What’s on

Three discussions at The Lake – free and open to all.

Hosted by SoSo and EXYZT
12th, 19th and 26th September 6.30 – 7.30pm.

Please RSVP to confirm attendance to: unionstreetlake [at] gmail.com

+ Public consultation on Lavington Ewer Great Guildford Streets

26th September 4.30 – 6.30pm
with Gort Scott, Southwark Council and Better Bankside

12th September 2013 // Why does where we work continue to matter?

The architecture of London’s Victorian warehouses reflected the wealth that international trade brought to London, but still determines much of the grain of the city that we now see as core to the character of the city fringe.

Whilst the self-contained office building still impacts our skyline, how does where we work influence our changing social fabric?  Planning policy is increasingly seeking to create places that are balanced – a balance between living and working.  Should workplaces reflect these aspirations? If access to the internet means that our work place can be anywhere, what is the relevance of office buildlings?  Can they bring social value to our cities, and how might they be delivered – market-led or using inventive and flexible planning policy?

This discussion focuses on the office space and the role architecture plays in reinforcing a corporate image or social function.  Are these approaches serving different interests?  What is the architect/developer’s responsibility to upholding a more socially responsible and balanced approach to the workplace.

Chair: Selina Mason (London Legacy Development Corporation)
Panellists: William Murray (Wordsearch), Ziona Strelitz (Design Anthropologist, strategist & author) and Roger Zogolovitch (SoSo/Lake Estates)

19th September 2013 //
Can temporary uses change the way we plan our cities?

Over the last ten years, the “pop-up” has become a popular and legitimate model for occupying unused spaces in London – pop-up restaurants and bars, galleries, public spaces – opportunities on the one-hand for squeezing commercial value out of underused properties or land, but also to bring activity and a sense of pride to undervalued places.

Centre for Cities carried out research in December 2012 in a report called Size Matters, looking at the importance of the city core for small businesses and what policies should be developed to specifically support small enterprises.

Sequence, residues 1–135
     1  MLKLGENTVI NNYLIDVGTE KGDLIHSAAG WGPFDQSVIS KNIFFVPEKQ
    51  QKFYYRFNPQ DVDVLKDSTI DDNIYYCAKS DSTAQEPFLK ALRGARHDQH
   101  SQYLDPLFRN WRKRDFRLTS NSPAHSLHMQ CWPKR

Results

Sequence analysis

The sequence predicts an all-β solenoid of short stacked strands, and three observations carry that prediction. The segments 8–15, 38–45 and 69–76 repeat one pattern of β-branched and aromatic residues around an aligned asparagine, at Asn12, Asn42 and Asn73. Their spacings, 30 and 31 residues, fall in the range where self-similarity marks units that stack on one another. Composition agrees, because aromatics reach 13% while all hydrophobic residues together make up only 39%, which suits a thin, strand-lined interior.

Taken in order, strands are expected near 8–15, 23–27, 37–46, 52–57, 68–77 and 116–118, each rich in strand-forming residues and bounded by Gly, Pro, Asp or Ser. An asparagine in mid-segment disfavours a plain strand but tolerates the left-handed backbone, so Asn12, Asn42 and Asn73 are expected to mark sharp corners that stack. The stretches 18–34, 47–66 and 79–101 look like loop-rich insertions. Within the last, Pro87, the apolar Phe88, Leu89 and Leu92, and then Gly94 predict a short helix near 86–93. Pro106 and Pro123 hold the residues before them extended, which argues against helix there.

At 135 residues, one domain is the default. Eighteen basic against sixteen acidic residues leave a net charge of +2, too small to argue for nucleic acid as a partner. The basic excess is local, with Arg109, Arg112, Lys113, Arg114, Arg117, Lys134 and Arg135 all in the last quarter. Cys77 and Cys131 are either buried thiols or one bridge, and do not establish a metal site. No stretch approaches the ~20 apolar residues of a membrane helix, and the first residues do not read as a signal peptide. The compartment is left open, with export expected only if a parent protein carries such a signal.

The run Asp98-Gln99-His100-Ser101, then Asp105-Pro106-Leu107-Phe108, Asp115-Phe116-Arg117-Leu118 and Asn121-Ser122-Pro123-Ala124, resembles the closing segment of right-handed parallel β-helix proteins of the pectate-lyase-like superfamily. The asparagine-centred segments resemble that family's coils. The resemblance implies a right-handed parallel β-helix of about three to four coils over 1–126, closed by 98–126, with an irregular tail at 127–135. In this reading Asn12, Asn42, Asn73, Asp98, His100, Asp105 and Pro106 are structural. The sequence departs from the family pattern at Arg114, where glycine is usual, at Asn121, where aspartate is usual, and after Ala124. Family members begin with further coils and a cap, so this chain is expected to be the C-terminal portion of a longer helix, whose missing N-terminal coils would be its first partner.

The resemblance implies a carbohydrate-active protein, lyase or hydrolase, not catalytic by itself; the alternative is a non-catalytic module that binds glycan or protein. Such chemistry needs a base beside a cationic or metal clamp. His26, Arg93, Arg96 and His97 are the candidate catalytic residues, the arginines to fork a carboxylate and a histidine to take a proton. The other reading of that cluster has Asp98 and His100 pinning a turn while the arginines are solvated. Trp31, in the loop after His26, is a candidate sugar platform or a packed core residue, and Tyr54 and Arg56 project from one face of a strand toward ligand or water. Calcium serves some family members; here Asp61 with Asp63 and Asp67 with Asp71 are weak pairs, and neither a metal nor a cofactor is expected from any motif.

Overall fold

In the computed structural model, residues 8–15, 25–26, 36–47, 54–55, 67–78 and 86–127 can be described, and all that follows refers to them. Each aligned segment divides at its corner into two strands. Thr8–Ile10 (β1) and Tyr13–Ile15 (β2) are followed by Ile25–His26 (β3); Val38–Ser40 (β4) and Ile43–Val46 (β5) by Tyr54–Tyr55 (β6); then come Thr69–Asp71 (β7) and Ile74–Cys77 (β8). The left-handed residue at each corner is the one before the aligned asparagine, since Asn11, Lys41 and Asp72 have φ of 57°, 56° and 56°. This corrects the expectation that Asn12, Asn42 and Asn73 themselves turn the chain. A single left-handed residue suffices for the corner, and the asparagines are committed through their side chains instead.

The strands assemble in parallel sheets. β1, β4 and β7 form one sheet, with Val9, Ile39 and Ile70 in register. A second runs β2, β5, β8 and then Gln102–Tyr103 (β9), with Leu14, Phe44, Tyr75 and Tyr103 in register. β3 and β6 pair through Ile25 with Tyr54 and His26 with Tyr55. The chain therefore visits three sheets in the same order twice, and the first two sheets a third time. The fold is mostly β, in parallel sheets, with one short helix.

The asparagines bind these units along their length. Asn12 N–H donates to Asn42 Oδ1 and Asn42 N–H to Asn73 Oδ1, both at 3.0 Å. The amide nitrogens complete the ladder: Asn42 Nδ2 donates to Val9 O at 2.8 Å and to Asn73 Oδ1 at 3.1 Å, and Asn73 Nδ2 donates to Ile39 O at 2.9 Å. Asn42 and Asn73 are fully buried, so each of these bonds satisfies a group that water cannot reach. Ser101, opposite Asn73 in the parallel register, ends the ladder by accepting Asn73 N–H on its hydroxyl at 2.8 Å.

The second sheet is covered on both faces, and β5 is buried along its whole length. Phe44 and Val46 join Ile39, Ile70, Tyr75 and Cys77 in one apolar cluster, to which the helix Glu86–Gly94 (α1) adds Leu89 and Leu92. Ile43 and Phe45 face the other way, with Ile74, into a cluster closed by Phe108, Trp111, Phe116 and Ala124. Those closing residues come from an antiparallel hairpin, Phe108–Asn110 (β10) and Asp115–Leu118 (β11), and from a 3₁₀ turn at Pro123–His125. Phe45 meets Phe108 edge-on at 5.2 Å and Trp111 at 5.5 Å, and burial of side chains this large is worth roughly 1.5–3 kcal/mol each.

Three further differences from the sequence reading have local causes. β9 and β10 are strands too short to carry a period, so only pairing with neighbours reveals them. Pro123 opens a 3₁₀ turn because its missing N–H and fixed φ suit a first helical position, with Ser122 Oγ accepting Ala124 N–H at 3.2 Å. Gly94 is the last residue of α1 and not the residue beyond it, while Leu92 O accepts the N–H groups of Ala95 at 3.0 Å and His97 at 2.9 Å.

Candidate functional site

The Bankside Neighbourhood Forum is currently looking at how to accommodate a more flexible and adaptable approach to built spaces in the emerging Bankside Neighbourhood Plan.  Will temporary uses provide a solution and what principles could be adopted by the Plan?

The roots of pop-up activities will provide the context for this debate.  This session will discuss the future of temporary uses, their relevance in planning policy and their role in supporting the introduction of small, creative enterprises in Central London.
Chair: Andreas Lang (Public Works)
Panellists include: Sara Muzio (EXYZT) and Finn Williams (Common Office)

26th September 2013 // Doing development the Bankside way

It could be argued that a council’s role is to safeguard the long term future of its communities.  Southwark Council has been demonstrating this approach for some time by bringing culture to the forefront of the borough’s presence in central London and, working with charities and the private sector, rehabilitating the character of places such as Bankside, with huge success.

Connecting historic and cultural assets such as Borough Market, the Globe Theatre and Tate Modern through high quality public realm interventions has been the aim of key landowners, tenants and organisations  such as Better Bankside, Bankside Residents’ Forum, Bankside Open Spaces Trust and the Bankside Neighbourhood Forum.  Partnerships between the public, private and third sector are forging a common vision for the future of the area through initiatives like Bankside Urban Forest, the Bankside Neighbourhood Plan and Edible Bankside.

This discussion explores the wider benefits that collaborations can bring to an area and highlights some of the innovations that this way of working has created, and whether this more localised approach provides a viable alternative to speculative development.
Chair: Fred Manson (Heatherwick Studios)
Panellists include: Cllr Adele Morris (Southwark Council), Tim Wood (Bankside Open Spaces Trust), Roger Zogolovitch (SoSo/Lake Estates)

Prior to this session, from 4.30 – 6.30pm, Gort Scott, working with Southwark Council, Better Bankside and other local partners, will run a public consultation event discussing the latest public realm proposals for the Lavington Ewer Great Guildford Streets project.